Munoz Lozano, Olga (2018) Coupling remote sensing with wildfire spread modeling in Mediterranean areas. Doctoral Thesis.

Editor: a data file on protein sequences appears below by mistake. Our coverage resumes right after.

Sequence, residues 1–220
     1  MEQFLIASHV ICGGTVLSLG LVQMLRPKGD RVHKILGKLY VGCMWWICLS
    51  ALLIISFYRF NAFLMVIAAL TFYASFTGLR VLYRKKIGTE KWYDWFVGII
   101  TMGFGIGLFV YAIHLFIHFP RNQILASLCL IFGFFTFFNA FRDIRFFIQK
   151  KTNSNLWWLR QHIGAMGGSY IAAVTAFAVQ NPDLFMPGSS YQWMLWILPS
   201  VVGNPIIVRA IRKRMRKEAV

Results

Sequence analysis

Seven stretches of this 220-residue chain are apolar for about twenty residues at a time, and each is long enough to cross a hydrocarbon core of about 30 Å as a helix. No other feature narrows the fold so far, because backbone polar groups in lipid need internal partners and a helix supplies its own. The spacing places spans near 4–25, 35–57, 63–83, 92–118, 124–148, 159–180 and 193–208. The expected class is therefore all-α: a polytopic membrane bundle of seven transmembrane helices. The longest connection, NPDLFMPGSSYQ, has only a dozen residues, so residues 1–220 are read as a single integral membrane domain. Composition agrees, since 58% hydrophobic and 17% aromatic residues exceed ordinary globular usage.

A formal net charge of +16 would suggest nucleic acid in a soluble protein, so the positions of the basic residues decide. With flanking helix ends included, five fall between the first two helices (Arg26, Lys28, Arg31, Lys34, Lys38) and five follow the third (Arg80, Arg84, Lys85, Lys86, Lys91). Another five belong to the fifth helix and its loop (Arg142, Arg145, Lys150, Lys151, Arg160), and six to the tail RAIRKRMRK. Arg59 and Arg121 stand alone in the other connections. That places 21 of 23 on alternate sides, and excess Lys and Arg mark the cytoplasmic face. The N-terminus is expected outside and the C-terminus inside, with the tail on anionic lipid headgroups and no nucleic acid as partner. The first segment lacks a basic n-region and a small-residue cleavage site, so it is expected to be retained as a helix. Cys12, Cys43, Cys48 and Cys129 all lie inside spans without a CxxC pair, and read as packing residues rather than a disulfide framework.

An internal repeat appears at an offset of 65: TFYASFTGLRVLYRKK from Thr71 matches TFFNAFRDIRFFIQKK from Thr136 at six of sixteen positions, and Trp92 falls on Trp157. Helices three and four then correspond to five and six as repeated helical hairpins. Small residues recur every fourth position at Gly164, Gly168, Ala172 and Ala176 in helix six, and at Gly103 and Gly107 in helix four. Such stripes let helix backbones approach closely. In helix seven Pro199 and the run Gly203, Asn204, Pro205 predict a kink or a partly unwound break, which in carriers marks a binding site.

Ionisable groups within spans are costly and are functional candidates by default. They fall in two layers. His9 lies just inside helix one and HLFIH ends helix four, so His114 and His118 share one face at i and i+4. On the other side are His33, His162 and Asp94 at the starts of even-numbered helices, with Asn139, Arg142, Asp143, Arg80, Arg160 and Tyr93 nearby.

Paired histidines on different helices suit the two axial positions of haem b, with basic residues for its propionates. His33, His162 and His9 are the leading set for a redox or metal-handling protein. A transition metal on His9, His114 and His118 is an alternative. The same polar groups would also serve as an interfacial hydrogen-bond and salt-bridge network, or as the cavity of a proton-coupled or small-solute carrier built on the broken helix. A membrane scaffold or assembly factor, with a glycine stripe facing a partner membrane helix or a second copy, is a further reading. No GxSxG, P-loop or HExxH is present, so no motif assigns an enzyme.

Wildfires are a threat to the ecosystems and in the future this threat could become stronger due to climate change. Spatially explicit fire spread models are effective tools to study fire behavior and wildfire risk. However, to run fire spread simulations, one of the most important inputs is represented by fuel models and this information is not always available. In the last decades, remote sensing technologies have offered valuable information for the classification and characterization of fuels. For this reason, in this work we created accurate maps of main fuel types for Mediterranean areas combining multispectral and LiDAR data. This information improves the current available information, which derives from the Land Use Map of Sardinia. We also enhanced the characterization of canopy fuel models using LiDAR data producing canopy layers ready to be used for wildfire spread modeling. Finally, we compared the variation in simulated wildfire spread and behavior determined by the use of fine-scale maps v. lower resolution maps. In these simulations, we assessed also the effect of using LiDAR-derived canopy layers as well. The results showed more accurate outputs when using our custom fuel and canopy layers produced in this work. In conclusion, this work suggests that the use of LiDAR and satellite imagery data can contribute to improve estimates of modeled wildfire behavior.
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